Worse, some think that it could put women off the industry altogether – one respondent said that the gender pay gap “makes the construction sector appear unattractive and unequal”.
“As one of the senior women staff in my company, I am not reassured enough to believe that my firm is indeed genuinely concerned about the gap”
Howevever, others take the view that the data-trawling exercise has been the wake-up call the industry desperately needed. Theresa Mohammed, a partner at law firm Trowers & Hamlins and chair of the National Association of Women in Construction, argues that reporting the pay gap helps drive the long-term goal of greater diversity in construction.
She says: “If we get a lot more women and progress them through then the gap should get better. Women will now be saying to companies: ‘show us the steps you are taking to make the industry more attractive and the career paths that are open to us’.”
Lendlease (with a gap of 33%) was one of the high-profile contractors to embrace the process by publishing its results six months before the deadline. Lucy Homer, an executive general manager at Lendlease, says the decision was made to raise awareness: “The more attention we draw to this issue, the more likely we are to impact industry-wide change.”
When comparing median hourly rates across the top 20 consultants, women earn 74p for every £1 that men earn
Six months on, the firm says it is continuing to ramp up its efforts. Homer says: “We have a series of robust measures in place to ensure we recruit women and, crucially, support them so that they stay and move up the ranks. These include a 50:50 gender mix graduate intake, a requirement that all candidate shortlists include women and unconscious bias training. We also have a 50:50 target for Lendlease’s Future Leaders programme and are running a female development scheme.
“I am hoping this is a turning point at which the whole industry looks to change its attitudes towards gender.”
Taylor Wimpey (-2%) has also used the pay gap reporting to point to a series of initiatives it runs, aimed at increasing female representation in the business, such as its annual graduate recruitment scheme and Supporting Female Talent programme. The firm’s female representation in the highest pay bracket is 36%, considerably above the industry average. It stated: “Our focus is now on continuing this upward trend throughout the business and at all levels.”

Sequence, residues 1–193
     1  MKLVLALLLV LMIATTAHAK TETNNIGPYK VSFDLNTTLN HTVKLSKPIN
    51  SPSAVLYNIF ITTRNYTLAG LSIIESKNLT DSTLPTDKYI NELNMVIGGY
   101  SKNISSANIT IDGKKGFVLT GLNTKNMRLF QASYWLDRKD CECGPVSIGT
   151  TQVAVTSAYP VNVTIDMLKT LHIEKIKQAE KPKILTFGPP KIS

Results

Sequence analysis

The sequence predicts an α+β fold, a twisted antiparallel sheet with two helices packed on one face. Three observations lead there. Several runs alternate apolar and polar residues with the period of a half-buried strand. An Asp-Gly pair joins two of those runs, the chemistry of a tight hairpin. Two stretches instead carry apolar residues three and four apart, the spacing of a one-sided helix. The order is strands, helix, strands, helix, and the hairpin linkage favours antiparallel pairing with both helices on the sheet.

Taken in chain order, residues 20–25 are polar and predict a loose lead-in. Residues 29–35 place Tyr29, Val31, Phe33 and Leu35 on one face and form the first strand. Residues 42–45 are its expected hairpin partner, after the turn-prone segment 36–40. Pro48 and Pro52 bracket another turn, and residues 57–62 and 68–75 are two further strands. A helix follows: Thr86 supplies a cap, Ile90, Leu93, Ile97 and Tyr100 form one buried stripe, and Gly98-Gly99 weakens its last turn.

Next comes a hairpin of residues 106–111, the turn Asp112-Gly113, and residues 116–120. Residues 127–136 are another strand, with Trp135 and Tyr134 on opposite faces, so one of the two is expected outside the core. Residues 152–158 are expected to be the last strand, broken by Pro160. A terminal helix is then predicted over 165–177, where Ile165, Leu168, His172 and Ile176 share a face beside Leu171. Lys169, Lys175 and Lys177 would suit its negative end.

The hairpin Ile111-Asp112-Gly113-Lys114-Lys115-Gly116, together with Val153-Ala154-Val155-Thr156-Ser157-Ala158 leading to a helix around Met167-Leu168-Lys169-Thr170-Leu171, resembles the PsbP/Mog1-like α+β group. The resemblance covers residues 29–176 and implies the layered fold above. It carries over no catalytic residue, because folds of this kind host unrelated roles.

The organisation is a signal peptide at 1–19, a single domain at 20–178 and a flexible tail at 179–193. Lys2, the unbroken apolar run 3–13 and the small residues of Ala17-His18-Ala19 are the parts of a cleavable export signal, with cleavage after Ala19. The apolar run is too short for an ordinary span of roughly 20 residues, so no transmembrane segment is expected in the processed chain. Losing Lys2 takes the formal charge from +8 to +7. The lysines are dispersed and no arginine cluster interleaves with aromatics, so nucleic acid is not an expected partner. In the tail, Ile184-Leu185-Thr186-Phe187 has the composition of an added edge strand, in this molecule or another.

And it’s not just the firms obliged to report the pay data that see the advantages to being open about the pay gap. More than 200 small firms across the UK have reported their pay gap data voluntarily. Ben Derbyshire, president of the RIBA – which itself reported its data voluntarily – has urged small architectural practices to report theirs too, saying: “I encourage practices with fewer than 250 staff to follow suit.”
Ryder Architecture, a practice with 182 staff across the UK, decided to share its gender pay figures internally, and has claimed that it “does not have any gender pay gaps between graduate and architectural director grades”.
Helen Whitfield, communications director at Ryder, says all businesses have a moral obligation to tackle the gender pay gap. She says: “Every-sized business has a duty to reflect and understand how it can improve in this area to reinvent the industry. Transparent communication is fundamental.”
The pressure is now on to turn good intentions into actions. Many firms are already setting out strategies – as seen in their pay gap statements – from promoting flexible working for women and men to mentoring programmes.
Dawn Moore, HR director at Morgan Sindall, is confident that creative initiatives can make a difference. She says: “Programmes such as our returnships scheme help us attract people with relevant skills and management level experience who have taken a voluntary career break of at least 18 months. These sorts of initiatives are key in attracting senior professional women, men and working parents with huge amounts of valuable experience.”
A male partner at a top consultant, who did not wish to be named, says this desire to bring about rapid change also exists among consultants: “We are acutely aware of the need to address it [the pay gap] quickly and we are looking to bring women through as partners. I believe it would be a better place if more women were in senior positions. It’s probably a good time to be a woman [in our firm].”
The plethora of pledges from businesses committing to change are the first step of a long journey. Next April it will become clear whether any progress has been made.
|Upper quartile||Male %||Female %|
|Top 40 contractors||90||10|
|Top 20 consultants||86||14|
|% who received bonus||Male||Female|
|Top 40 contractors||59||57|
|Top 20 consultants||50||40|
|Median bonus gap|
|Top 40 contractors||46%|
|Top 20 consultants||32%|
The bonus pay gap doesn’t tell the whole story. Contractors have been quick to note that bonuses are often linked to certain parts of the business, which have historically been male-dominated. Homer says: “With bonuses tending to be given to those in more senior roles, the dearth of women in the industry’s upper ranks looks to be the main cause of the gender gap in bonuses.
“Programmes we have in place are already improving things, but we want to do better. We are now targeting 33% by 2020 and are on track to do so.”
But Mohammed believes this is a grey area. She says: “The nature of bonuses being highly discretionary makes them ripe for difficulties, it can be hard to mount a claim on the grounds of discrimination or lack of parity. But in construction salaries are often heavily supplemented by bonuses, which are used to incentivise staff who can be being paid £20,000-£30,000 in bonuses, which could make all the difference.”